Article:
Mr. Li’s Medical Care
Mr. Li had been suffering chest pain and having trouble breathing for two days
before he went to the hospital. Reasons for the delay is that the Chinese views on seeing a Western healthcare provider as a waste of time. They felt uncomfortable and frustrated with not being able to communicate. There are different cultural responses to health and illness. Often many will self-medicate when they think they know what is wrong and will use their traditional medicine or herbs; many do not have health insurance. The Chinese often view illness as a part of the life cycle and is caused by an imbalance (Purnell & Paulanka, 2008).
Mr. Li is a quiet man who did not complain of chest pain after being admitted to the cardiac intensive care unit. His wife who would argue with the physicians, nurses, and even her son over her husband’s care would cover Mr. Li until he would sweat, stating that he was cold. She would bring in hot herbal teas and would use traditional Chinese medicine treatment, and not follow dietary restrictions. Mrs. Li has taken over the care of Mr. Li which is customary, and he allows her this control and becomes passive in his care (Purnell ; Paulanka, 2008).
When ordering medications for Mr. Li, healthcare providers have to be careful with the dosage. Chinese have problems with drug metabolism and sensitivity (Purnell ; Paulanka, 2008).
Mrs. Li’s Attitude toward her Daughter-in-Law
In the Chinese family, the servants are sometimes treated better than the daughter-in-law who is to be submissive to the mother-in-law. The Chinese view of women is perpetuated to ensure male dominance in the society. The woman’s place and responsibility are to maintain a happy and efficient home life (Purnell ; Paulanka, 2008).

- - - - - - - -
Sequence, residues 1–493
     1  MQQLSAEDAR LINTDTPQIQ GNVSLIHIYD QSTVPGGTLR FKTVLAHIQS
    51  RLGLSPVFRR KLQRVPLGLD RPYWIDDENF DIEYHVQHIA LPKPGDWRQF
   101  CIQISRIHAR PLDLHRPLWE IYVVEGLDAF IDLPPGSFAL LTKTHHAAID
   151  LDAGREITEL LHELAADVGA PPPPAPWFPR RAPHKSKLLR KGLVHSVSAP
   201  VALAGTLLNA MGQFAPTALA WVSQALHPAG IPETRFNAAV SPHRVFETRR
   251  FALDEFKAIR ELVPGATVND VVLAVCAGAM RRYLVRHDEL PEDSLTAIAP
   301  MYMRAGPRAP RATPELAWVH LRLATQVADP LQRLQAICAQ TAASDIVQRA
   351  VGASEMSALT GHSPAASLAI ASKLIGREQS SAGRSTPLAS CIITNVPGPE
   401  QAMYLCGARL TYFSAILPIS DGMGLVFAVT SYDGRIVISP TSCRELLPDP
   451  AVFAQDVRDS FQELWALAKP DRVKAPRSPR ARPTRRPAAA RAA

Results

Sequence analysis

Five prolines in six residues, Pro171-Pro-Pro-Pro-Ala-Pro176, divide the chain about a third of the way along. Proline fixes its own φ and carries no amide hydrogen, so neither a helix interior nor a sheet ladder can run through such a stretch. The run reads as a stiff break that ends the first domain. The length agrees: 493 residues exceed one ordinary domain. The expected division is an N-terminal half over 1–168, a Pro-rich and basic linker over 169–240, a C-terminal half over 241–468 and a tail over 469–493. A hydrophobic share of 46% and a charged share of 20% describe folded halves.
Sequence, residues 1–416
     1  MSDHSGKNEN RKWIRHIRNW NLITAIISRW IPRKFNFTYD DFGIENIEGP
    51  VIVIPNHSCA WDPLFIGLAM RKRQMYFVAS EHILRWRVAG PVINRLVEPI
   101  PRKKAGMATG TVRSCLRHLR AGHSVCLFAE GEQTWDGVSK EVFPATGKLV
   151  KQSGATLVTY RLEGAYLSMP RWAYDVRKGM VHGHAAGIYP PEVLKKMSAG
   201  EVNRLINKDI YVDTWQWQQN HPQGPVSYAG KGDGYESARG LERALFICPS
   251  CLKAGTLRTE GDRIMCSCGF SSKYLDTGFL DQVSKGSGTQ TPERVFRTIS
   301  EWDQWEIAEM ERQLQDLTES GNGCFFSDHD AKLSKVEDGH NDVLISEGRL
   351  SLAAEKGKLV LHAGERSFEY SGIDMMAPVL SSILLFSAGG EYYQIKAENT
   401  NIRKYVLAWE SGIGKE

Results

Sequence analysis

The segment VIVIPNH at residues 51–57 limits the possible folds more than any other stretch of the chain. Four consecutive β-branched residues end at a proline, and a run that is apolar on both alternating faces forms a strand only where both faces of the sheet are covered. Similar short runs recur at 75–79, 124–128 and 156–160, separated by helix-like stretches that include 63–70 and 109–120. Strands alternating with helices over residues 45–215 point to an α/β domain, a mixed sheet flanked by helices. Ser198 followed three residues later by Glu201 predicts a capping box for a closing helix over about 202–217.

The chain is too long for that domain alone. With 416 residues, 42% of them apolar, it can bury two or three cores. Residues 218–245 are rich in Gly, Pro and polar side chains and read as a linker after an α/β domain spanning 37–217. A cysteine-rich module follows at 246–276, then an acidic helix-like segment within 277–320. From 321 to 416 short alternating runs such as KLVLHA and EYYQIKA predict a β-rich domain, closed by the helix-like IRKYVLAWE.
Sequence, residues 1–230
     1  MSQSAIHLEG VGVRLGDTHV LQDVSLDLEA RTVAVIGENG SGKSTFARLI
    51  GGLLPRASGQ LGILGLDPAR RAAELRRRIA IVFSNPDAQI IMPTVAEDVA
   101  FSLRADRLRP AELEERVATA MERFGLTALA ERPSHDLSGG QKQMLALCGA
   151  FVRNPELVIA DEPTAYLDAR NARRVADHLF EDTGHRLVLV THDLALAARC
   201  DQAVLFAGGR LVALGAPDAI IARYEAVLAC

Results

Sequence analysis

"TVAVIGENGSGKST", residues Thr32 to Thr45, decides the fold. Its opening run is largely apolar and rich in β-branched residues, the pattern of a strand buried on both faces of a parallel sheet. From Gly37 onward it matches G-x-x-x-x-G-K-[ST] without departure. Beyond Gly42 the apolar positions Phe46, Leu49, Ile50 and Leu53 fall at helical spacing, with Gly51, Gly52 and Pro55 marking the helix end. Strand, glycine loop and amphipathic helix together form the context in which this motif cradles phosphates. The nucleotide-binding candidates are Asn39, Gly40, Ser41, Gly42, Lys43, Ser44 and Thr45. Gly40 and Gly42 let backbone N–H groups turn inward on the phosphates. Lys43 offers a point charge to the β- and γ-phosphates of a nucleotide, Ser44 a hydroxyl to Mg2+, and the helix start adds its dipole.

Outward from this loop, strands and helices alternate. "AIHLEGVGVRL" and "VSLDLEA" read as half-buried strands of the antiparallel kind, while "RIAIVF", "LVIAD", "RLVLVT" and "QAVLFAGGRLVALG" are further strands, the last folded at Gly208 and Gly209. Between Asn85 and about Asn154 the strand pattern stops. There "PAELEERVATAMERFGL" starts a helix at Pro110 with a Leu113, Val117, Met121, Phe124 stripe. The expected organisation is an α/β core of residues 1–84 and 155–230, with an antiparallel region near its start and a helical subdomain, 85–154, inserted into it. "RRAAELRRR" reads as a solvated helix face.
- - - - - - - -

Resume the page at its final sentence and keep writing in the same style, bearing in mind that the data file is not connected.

Mr. Li’s blame on Western Food and Airplane Ride
The Chinese believe that food is vital in maintaining health. Foods are considered yin and yang and prevent sudden imbalances and indigestion. Western food is more greasy, processed, and there is more fast food, and sugary foods that the Chinese do not consume. Mr. Li may blame his airplane ride due to the altitude of the flight as well as the cabin being pressurized. He frequently medicates and exercises his arms to regain the balance between health and life (Purnell & Paulanka, 2008).
Death Handling of Remains, Mourning Rituals, and Bereavement
Death and mourning are centered on traditional ancestor worship, which is a sign of respect. Many Chinese do not have life insurance because they fear this is inviting death. Therefore, when Healthcare providers try to discuss Mr. Li’s prognosis with the family, but they refuse to address it, and Mr. Li’s passes away five days later. The Chinese fear death and since death is related to ghosts, they fear ghost because they have high power. They avoid reference to death and teach their children to avoid talking about it, the belief that the Chinese greet death with stoicism and fatalism is a myth (Purnell & Paulanka, 2008).
In China, the remains of the dead are customarily cremated because of the lack of wood for coffins and limited burial space. Ashes are placed in an urn and then in a vault. In a rural area, there may be a family plot that the body is buried. Death is viewed as a part of the natural life cycle, and that something delightful will happen after they die. Family members and friends come together to mourn, and the dead are honored by placing objects around the coffin that signifies the life of the deceased. During mourning, usually one to seven days, a person in mourning does not go to work but uses this time for remembering the dead and planning the future. Mourners are recognized by the black armband and the white strips tied around their heads. Many Chinese believe that their spirits can never rest unless living descendants provide care for the grave and worship the memory of the dead, ashes or bones are returned to China for this reason. (Purnell & Paulanka, 2008).